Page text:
The Book of Mormon uses the word “liberty” more than any other volume of scripture. “Liberty” is associated with “eternal life” while “captivity” is associated with “death” (2 Nephi 1:10). Curiously, famine and poverty resulting from a deprivation of liberty are poised to kill far more people than the deprivation of liberty was intended to save.
Although the Book of Mormon has examples of preserving liberty through a limited amount of bloodshed (see, e.g., Alma 20:12), it also includes examples of escaping captivity without bloodshed (Mosiah 11:10-11). It seems that the Lord would prefer the latter for us in our day (T&C 50:7). Either way, if we are not capable of living in liberty, forceful overthrow of the government would be futile, as it would merely lead us from one captivity to another; nor would it make sense for the Lord to give us the liberty that our lifestyle shows that we don’t want. At the very least, if we desire freedom, we should be capable of living and interacting with each other in a way that government is superfluous.
There are plenty of people laughing at those complaining about the loss of “mah freedumb.” Ironically, among those mockers of freedom appear to be many who previously complained about the current president being a dictator. Let them laugh, and seek to peacefully persuade those who can be persuaded to pray, vote, and live in a way that will bring liberty. That, it appears to me, is the best way to both stand up to and show love for those who use dishonesty and manipulation to try to keep the rest of us in captivity. To the humble, an honest voice will stand out against the ubiquitous deception.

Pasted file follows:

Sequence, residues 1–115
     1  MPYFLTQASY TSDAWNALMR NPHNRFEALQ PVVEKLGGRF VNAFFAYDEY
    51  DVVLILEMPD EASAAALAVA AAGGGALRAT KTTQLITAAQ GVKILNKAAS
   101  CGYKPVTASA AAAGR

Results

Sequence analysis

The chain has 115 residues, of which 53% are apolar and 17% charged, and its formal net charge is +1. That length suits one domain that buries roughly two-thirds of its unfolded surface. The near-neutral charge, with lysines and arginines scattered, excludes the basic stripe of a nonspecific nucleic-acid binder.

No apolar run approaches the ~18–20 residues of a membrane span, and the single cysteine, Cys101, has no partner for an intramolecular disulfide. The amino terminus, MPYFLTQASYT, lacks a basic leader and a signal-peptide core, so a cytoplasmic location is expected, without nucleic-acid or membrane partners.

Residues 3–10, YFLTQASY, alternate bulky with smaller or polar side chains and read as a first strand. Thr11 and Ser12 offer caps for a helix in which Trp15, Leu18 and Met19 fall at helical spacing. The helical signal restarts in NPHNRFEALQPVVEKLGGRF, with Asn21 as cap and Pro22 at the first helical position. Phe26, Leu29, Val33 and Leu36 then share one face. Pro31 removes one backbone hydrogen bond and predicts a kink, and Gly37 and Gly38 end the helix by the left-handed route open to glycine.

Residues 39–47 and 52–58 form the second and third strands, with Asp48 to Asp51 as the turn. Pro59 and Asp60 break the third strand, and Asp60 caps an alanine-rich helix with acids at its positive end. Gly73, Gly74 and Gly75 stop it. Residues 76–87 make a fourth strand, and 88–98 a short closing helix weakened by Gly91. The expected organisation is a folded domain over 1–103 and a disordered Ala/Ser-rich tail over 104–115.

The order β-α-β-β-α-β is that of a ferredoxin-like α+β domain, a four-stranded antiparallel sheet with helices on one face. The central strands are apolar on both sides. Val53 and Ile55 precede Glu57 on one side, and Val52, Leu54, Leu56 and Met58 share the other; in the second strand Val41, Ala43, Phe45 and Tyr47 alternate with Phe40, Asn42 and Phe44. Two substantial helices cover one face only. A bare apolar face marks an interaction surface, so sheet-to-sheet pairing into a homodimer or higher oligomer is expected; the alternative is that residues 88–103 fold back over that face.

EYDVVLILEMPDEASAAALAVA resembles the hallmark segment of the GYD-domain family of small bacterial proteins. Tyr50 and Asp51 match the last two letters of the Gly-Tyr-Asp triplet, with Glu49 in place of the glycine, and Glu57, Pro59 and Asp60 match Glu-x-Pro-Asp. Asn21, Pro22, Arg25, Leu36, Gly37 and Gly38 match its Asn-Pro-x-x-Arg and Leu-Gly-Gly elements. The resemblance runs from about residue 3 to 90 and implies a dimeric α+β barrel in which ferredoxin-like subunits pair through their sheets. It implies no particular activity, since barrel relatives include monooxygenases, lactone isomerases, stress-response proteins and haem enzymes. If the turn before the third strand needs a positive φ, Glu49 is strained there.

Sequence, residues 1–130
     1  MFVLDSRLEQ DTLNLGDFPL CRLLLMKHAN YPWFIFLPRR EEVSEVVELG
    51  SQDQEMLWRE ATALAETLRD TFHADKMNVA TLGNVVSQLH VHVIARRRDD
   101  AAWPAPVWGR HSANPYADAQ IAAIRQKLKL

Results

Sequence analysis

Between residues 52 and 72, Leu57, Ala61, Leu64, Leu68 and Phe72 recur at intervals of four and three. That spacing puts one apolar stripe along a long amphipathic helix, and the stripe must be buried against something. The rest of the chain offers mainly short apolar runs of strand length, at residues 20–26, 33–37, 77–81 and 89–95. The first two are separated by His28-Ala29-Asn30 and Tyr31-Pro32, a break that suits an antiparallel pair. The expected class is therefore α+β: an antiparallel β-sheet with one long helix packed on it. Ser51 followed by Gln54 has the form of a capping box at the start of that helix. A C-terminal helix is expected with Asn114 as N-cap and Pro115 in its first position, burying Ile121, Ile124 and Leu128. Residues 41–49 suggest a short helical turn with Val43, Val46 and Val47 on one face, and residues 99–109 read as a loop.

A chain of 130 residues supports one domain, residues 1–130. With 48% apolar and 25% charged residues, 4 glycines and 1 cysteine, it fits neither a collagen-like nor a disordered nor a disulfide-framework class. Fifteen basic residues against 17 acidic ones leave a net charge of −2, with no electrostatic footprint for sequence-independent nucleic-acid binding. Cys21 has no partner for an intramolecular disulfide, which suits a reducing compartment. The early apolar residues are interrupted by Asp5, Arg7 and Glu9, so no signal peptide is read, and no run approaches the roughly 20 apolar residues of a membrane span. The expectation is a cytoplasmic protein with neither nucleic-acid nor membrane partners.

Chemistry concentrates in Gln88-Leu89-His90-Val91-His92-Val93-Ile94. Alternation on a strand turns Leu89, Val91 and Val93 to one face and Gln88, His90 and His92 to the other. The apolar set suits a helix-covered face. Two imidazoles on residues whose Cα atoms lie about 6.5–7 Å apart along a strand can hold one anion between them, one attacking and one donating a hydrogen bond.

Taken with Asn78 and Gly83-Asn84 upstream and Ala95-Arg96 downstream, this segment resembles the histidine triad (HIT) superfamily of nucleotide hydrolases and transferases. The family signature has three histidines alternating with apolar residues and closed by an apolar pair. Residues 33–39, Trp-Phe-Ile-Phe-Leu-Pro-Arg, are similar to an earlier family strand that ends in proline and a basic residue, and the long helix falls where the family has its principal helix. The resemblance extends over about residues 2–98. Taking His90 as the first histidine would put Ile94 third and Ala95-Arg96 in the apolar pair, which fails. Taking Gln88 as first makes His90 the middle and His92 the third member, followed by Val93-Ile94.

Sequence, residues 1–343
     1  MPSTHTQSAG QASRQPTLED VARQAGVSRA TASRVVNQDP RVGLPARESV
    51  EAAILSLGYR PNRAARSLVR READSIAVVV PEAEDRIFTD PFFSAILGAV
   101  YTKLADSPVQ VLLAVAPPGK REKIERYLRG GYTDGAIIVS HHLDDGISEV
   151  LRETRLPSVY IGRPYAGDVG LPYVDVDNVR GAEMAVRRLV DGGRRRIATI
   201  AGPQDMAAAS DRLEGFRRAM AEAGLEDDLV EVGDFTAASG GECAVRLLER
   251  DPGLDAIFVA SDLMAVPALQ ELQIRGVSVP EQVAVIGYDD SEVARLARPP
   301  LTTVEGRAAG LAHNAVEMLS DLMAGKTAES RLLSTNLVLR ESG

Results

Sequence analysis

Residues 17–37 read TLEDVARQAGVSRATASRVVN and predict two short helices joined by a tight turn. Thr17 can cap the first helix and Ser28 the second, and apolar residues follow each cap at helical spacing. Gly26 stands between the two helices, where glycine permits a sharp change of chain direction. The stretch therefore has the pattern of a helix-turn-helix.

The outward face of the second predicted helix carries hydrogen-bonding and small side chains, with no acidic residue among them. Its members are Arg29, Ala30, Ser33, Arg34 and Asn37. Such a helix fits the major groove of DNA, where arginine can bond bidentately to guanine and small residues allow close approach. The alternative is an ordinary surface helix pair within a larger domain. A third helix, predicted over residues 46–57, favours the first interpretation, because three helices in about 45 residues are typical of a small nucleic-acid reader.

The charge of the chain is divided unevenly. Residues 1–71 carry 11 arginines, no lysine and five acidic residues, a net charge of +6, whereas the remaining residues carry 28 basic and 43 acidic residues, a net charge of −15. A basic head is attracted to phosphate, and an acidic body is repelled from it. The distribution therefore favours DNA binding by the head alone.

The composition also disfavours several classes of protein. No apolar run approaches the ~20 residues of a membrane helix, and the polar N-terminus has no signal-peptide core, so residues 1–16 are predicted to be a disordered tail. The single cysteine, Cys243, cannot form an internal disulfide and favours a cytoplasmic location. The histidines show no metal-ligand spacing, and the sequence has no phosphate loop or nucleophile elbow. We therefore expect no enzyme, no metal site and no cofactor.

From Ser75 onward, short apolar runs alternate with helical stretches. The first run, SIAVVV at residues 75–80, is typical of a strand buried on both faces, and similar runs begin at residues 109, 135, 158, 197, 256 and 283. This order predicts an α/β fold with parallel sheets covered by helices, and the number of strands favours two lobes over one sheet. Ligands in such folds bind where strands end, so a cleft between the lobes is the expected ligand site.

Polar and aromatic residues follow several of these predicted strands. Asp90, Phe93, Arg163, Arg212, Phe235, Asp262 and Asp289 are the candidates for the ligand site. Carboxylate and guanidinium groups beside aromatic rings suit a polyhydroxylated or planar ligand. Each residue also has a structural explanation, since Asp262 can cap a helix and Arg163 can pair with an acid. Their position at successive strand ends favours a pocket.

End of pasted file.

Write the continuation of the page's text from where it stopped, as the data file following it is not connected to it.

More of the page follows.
A show of force is not necessary; brandishing weapons in front of government buildings will at best bring temporary results, and may backfire. There are other ways to boldly support liberty and life in the face of captivity and death. Abinadi, held in bondage, loved Noah enough to die for him, and as a result brought Noah’s people out of captivity and into a new life in Christ.